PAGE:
Not many people can say their photograph of a bull is on display in a high end restaurant in China.
But, it's among the string of accolades that Allison McCabe has achieved since teaching herself to photograph her family's Charolais cattle.
"A highlight image was an Acacia Angus bull photo taken a couple of years ago found its way to China where he displayed it in a high end restaurant," Allison said.
The Toowoomba-based photographer landed her first Canon 1000D camera and twin lens kit whilst studying a diploma of agriculture at TAFE. With her winnings from a student of the year award she bought her first proper camera.
With a passion and love for the livestock industry, naturally Allison was attracted to photographing her family's sale bulls, incidentally leading to capturing show cattle and then other clients.
She is regularly commissioned to photograph sale offerings of Wattle Grove Speckle Park, Oberon, where may different methods are used to get ears forward, creating plenty of laughter.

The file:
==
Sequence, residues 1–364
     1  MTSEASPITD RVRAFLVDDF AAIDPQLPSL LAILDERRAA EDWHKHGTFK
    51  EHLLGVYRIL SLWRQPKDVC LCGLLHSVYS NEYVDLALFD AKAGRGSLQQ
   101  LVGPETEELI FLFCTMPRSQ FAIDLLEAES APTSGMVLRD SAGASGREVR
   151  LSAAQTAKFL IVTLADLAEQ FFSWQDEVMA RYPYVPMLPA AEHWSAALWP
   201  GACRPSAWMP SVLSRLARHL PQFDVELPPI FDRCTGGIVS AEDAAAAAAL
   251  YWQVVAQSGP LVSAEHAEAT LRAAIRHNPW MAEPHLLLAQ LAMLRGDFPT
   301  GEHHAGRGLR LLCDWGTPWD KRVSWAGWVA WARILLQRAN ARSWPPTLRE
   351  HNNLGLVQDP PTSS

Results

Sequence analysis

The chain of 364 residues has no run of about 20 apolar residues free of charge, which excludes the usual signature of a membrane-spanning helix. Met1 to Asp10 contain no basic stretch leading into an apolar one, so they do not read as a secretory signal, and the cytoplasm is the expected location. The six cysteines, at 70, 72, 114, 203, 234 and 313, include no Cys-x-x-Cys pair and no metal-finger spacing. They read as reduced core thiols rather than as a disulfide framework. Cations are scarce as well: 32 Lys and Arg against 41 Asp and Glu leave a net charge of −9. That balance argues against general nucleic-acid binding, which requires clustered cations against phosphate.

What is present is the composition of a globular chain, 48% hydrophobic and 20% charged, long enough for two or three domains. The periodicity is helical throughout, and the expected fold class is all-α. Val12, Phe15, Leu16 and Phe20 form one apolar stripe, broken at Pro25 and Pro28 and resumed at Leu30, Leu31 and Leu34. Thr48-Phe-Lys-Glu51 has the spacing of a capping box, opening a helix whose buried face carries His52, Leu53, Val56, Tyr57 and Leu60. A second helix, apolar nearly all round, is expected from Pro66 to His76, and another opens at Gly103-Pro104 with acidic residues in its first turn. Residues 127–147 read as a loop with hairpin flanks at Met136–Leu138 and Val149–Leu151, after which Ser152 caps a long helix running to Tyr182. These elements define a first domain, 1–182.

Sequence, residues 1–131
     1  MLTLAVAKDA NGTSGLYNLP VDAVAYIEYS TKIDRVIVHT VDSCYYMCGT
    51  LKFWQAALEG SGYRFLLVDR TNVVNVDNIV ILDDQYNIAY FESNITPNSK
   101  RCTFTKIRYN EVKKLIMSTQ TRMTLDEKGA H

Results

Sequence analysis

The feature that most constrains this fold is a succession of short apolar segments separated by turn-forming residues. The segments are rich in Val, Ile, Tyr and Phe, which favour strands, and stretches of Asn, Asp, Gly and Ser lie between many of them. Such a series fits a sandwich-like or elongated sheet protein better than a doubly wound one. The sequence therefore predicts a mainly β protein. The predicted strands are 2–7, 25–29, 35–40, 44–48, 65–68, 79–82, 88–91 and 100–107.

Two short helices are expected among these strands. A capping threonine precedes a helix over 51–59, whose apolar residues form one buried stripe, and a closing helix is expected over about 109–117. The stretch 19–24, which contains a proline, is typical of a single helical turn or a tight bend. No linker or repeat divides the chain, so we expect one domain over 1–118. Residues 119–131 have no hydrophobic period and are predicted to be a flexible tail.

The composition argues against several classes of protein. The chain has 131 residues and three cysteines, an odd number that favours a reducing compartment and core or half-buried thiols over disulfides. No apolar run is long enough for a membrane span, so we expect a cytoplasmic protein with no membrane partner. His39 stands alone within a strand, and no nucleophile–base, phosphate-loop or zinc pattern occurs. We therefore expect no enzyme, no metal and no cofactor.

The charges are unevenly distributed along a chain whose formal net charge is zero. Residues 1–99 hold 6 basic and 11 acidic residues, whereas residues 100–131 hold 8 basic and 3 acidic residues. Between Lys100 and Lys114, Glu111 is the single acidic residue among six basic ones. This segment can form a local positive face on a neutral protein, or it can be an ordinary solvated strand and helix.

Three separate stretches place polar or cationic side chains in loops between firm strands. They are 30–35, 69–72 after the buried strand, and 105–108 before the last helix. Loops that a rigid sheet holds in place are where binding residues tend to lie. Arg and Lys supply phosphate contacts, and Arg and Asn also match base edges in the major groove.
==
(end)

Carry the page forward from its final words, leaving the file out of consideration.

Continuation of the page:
Having someone to get ears forward are among the six top tips that Allison believes in. Practice is important so too is talking to the animal and having patience to take your time.
"Relax, if you are tense your animal will feel that energy and will not stand up," she said.
"Talk to your animal and walk your animal into its stance but slow down as their feet are getting into position."
Allison stands by the saying that a picture paints a thousand words and a true honest photo of livestock shouldn't need editing.
"If producers have good factual images of their livestock it has the potential to increase sales," she said.
"Not only do the cattle look good for the catalogue, but for online purposes as well for people who can not attend the sale. If their photos are not ideal it could influence people not to attend the sale or inquire.
"I really love working in this industry there really isn't anything more rewarding then getting that perfect shot and I hope to be apart of this industry for a long time."